Why are duck boats still in operation?

NTSB issues recommendations on the safety of duck boats

U.S. federal officials are calling for new safety rules following the fatal sinking of an amphibious liner in Missouri in July 2018.

17 of the 31 people aboard the modified World War II amphibious liner Stretch Duck 7 died when the ship sank during a rapidly developing storm on Table Rock Lake near Branson, Missouri.

As part of its ongoing investigation into the July 19, 2018 accident, the National Transportation Safety Board (NTSB) released a report on the Maritime Safety Recommendation on Wednesday calling on the U.S. Coast Guard to call for new safety measures, including regulations to ensure sufficient buoyancy of the reserves for amphibious DUKW passenger ships and to remove canopies, side curtains and the associated frames during the journey for those without sufficient buoyancy reserve.

The latest security advisories from NTSB are not new. Since 1999, the investigative authority responsible for investigating accidents in civil traffic has issued 22 safety recommendations relating to modified DUKW amphibious passenger ships from the Second World War. Of these 22, only nine have been implemented and another four are pending and are classified as an open response.

The remaining nine were not implemented and were classified as open - unacceptable response, closed - unacceptable action, or closed - unacceptable action / no response. NTSB believes that implementing these safety recommendations could have saved lives.

"It could have saved lives and the Stretch Duck 7 accident could have been prevented if safety recommendations had been implemented beforehand," said Robert L. Sumwalt, chairman of the NTSB.

Safety recommendation M-00-5 related to the need for sufficient buoyancy for the DUKW, but eight years after it was issued it was classified as closed - unacceptable measure / no response received. The NTSB believes that failure to follow previous safety recommendations regarding reserve buoyancy for DUKWs contributed to the sinking of the Stretch Duck 7.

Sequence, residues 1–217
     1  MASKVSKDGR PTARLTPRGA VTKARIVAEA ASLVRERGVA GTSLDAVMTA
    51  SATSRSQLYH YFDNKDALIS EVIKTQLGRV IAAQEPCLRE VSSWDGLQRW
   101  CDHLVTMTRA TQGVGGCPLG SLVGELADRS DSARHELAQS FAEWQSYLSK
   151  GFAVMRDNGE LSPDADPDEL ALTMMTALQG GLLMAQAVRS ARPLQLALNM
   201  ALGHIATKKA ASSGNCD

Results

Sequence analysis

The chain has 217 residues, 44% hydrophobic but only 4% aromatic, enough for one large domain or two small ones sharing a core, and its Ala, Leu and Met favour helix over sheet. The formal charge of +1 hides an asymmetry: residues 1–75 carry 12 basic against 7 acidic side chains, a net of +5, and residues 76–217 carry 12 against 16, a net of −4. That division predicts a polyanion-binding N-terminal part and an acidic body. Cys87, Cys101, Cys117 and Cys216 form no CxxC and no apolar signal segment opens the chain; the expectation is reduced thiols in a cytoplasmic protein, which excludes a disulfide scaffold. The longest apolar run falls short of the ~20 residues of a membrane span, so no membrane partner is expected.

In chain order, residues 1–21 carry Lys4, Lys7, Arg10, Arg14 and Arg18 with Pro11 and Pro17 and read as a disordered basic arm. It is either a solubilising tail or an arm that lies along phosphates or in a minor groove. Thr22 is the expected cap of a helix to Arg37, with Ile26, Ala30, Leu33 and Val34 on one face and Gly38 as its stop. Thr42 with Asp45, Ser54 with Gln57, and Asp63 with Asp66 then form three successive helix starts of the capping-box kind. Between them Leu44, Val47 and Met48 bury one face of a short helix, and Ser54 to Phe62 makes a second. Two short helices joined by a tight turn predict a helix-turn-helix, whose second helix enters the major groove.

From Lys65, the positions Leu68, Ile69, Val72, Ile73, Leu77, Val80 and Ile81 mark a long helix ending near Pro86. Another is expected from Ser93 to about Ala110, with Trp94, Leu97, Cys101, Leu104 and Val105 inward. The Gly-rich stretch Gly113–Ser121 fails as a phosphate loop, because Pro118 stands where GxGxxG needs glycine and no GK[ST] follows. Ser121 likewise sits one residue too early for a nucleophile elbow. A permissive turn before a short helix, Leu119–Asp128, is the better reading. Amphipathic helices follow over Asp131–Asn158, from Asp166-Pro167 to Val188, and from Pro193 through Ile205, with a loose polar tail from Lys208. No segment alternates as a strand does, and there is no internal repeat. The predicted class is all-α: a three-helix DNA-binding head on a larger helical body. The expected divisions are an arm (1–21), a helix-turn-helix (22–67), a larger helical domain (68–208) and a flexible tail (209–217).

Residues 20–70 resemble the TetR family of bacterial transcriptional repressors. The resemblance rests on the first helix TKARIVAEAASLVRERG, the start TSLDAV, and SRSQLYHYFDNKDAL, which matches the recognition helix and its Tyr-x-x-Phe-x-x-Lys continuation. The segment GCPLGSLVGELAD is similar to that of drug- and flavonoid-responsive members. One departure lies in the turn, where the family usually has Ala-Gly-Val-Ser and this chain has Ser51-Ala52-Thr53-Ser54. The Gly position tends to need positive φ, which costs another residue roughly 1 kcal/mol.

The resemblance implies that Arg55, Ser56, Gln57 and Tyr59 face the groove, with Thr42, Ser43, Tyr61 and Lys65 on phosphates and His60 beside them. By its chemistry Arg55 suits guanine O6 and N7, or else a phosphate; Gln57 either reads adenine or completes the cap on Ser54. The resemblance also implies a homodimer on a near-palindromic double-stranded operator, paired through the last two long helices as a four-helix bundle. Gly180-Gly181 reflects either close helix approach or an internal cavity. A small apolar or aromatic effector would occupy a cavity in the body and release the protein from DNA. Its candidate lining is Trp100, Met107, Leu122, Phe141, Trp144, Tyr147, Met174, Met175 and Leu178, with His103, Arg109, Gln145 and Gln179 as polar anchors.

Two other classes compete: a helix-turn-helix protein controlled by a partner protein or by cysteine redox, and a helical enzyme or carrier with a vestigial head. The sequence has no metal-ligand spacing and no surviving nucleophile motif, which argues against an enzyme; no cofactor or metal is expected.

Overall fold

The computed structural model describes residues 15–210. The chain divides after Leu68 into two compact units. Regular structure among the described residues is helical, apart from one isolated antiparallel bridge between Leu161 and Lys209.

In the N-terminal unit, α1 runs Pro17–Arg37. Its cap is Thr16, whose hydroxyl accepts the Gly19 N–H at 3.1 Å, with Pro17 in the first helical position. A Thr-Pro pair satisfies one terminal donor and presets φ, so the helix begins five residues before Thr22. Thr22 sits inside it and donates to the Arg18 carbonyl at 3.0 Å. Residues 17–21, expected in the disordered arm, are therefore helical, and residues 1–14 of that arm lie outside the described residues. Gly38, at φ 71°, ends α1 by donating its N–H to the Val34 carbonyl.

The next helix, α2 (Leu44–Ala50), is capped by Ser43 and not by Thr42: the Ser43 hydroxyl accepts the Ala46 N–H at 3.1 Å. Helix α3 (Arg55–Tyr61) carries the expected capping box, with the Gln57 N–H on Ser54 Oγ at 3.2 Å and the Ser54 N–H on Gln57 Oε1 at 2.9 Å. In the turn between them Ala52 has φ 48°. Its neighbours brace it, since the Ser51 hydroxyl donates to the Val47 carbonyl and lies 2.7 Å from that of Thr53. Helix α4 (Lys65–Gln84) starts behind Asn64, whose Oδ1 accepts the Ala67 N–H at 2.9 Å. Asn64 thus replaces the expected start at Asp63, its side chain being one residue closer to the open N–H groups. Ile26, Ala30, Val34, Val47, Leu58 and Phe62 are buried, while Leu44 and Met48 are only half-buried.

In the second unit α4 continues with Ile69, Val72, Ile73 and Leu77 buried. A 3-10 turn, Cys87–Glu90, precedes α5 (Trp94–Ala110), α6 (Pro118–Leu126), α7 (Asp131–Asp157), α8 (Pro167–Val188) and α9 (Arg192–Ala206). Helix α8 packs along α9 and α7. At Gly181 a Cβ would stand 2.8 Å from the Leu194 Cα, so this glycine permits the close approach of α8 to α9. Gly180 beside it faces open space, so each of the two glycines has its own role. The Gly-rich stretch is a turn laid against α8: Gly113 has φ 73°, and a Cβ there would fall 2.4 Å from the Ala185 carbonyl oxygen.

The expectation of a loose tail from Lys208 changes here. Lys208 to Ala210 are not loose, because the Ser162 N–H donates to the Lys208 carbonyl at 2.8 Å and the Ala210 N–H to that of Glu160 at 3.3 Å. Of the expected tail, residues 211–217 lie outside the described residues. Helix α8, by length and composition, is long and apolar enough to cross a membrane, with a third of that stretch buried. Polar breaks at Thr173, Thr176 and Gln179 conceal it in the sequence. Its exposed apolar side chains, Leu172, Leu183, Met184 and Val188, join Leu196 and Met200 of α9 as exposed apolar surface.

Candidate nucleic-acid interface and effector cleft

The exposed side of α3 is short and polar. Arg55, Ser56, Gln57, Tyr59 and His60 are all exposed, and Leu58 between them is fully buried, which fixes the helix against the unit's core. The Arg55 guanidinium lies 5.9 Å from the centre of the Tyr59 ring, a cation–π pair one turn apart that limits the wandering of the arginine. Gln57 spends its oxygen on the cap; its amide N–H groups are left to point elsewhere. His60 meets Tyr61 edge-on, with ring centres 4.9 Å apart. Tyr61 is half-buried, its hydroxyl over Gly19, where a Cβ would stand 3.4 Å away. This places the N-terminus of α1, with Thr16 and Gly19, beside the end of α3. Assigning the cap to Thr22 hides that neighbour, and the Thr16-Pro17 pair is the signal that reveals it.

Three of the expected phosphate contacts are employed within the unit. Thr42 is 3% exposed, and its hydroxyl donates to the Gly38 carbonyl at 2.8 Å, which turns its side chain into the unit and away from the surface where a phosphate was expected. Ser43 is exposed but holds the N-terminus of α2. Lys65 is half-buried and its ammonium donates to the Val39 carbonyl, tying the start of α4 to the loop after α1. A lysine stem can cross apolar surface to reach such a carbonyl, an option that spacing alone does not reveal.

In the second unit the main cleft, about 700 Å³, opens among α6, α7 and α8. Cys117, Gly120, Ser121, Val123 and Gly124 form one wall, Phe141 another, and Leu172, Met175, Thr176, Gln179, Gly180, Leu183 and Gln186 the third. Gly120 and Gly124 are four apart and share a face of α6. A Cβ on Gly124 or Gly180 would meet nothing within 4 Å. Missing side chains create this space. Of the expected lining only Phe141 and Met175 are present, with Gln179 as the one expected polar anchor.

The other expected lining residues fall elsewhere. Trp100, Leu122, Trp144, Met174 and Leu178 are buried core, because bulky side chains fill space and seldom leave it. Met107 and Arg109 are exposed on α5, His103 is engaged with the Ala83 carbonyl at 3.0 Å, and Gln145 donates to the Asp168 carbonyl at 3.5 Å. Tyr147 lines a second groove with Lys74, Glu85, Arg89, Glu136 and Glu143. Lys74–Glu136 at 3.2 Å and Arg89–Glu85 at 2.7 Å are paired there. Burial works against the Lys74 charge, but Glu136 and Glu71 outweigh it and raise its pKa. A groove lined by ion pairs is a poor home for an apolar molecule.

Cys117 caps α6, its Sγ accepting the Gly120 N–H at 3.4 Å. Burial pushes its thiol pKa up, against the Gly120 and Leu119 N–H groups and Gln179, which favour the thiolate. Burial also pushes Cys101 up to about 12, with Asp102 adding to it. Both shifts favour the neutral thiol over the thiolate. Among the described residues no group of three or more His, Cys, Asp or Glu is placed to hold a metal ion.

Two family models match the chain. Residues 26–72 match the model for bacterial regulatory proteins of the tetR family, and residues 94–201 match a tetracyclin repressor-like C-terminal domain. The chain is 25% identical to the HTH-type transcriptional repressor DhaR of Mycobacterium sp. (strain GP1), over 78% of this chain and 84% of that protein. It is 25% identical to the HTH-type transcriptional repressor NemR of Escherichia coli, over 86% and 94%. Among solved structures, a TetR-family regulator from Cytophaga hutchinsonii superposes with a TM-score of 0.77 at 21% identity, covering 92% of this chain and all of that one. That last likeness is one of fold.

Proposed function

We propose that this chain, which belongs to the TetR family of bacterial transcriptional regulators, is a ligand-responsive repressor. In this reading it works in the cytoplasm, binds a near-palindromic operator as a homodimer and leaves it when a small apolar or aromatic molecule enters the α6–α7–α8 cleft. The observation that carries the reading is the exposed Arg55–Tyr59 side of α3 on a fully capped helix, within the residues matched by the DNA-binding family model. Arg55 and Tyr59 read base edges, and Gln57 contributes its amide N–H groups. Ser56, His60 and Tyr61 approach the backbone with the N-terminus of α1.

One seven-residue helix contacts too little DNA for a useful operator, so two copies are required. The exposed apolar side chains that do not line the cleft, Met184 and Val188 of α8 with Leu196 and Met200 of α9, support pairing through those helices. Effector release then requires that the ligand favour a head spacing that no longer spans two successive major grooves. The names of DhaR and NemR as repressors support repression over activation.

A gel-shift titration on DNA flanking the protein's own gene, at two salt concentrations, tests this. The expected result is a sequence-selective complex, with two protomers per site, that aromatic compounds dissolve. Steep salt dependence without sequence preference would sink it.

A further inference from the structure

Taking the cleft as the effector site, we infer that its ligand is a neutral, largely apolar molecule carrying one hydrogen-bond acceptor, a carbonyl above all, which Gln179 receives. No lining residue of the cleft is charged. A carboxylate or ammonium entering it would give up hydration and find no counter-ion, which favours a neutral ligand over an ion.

Similarly, failure to implement the previously issued fixed canopy recommendation following the fatal Miss Majestic DUKW accident in 1999 may have increased the number of deaths due to the sinking of Stretch Duck 7, NTSB said.

“The 1999 NTSB investigation of the other DUKW, the Miss Majestic, showed that the lack of buoyancy of reserves and the dangers of canopies are safety aspects. In 2008, the recommendations from this accident to address these safety issues were classified as "Completed Unacceptable Actions", largely due to inaction. Twenty years on, these ships are at the same risk and that is unacceptable, ”said Sumwalt. "It is imperative that the United States Coast Guard embrace these life-saving recommendations now."

The NTSB stated that the investigation into the sinking of the Stretch Duck 7 has not yet been completed and the likely cause has not yet been determined. However, the information obtained through the investigation justified issuing the safety advisory report before the investigation was completed. The agency will determine the likely cause of this accident upon completion of the investigation.